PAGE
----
It´s also question of cost refurbishing old buildings is often way more expensive than building a new one. The new building can be build for less or the same money but with all of the needs of a modern football club while the old building comes with sacrifices due to the buildings layout and original buildings needs of the period it was built.Such phrases - ditto "soulless bowls" - are just empty clichés trotted out by those who wish to justify having an old, rectangular stadium.
There is nothing intrinsically "bland" about a bowl-shape anymore than there is about a rectangular shape.
And references in other posts to a lack of "soul" are merely disguised references to newness (i.e. insufficient time for much history to have developed). By virtue of being mostly built on the same site as White Hart Lane, does Spurs new stadium have more "soul" than it otherwise would?
It's all very well talking about a stadium's history as a reason to stick with it, but the more time that passes, the longer that history becomes - and with it an even bigger alleged reason to stay - whilst at the same time the stadium becomes ever older and crumblier. When does the latter factor outweigh the former?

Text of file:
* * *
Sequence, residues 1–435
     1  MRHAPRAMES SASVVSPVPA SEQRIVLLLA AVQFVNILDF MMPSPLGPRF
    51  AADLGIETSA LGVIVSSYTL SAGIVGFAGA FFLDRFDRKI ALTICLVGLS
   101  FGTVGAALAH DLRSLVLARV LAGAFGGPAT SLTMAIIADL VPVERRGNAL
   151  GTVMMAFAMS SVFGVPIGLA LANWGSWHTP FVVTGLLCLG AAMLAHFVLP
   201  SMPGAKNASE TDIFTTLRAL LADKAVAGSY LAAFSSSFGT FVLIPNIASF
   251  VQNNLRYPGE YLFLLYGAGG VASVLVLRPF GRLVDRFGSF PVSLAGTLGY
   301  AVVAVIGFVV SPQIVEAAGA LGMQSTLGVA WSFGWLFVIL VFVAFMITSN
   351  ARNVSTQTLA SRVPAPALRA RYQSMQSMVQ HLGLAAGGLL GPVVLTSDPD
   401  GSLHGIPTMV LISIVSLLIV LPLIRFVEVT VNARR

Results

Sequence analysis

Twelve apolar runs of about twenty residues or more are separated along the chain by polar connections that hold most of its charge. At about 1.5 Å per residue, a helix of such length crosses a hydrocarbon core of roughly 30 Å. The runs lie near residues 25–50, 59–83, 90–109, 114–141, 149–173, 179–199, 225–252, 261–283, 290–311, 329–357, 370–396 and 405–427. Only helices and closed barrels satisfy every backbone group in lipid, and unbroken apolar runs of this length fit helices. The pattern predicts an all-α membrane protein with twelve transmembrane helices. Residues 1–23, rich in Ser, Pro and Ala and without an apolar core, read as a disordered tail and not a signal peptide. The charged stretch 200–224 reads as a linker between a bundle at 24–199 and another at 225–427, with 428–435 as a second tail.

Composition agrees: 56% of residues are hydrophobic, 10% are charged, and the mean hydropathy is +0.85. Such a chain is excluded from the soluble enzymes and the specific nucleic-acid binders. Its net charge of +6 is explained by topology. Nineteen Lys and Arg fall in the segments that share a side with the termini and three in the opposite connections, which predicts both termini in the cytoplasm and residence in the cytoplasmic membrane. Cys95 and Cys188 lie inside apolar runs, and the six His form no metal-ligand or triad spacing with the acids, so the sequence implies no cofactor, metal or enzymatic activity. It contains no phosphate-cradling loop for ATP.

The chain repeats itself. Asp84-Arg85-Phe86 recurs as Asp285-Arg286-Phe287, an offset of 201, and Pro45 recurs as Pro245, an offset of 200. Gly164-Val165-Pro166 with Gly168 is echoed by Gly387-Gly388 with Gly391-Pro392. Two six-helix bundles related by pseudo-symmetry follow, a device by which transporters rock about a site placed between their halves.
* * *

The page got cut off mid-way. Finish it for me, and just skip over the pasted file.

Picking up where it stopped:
And when does the cumulative patching up and improving as best you can within the limitations of an old-fashioned design become more costly than building a new stadium from scratch?
A new modern stadium would benefit most fans and players for years to come but soul and feelings play a huge part in the process, the Glazers will get slaughtered if they even mention building a new stadium and tearing down Old Trafford, tradition, soul ect ect..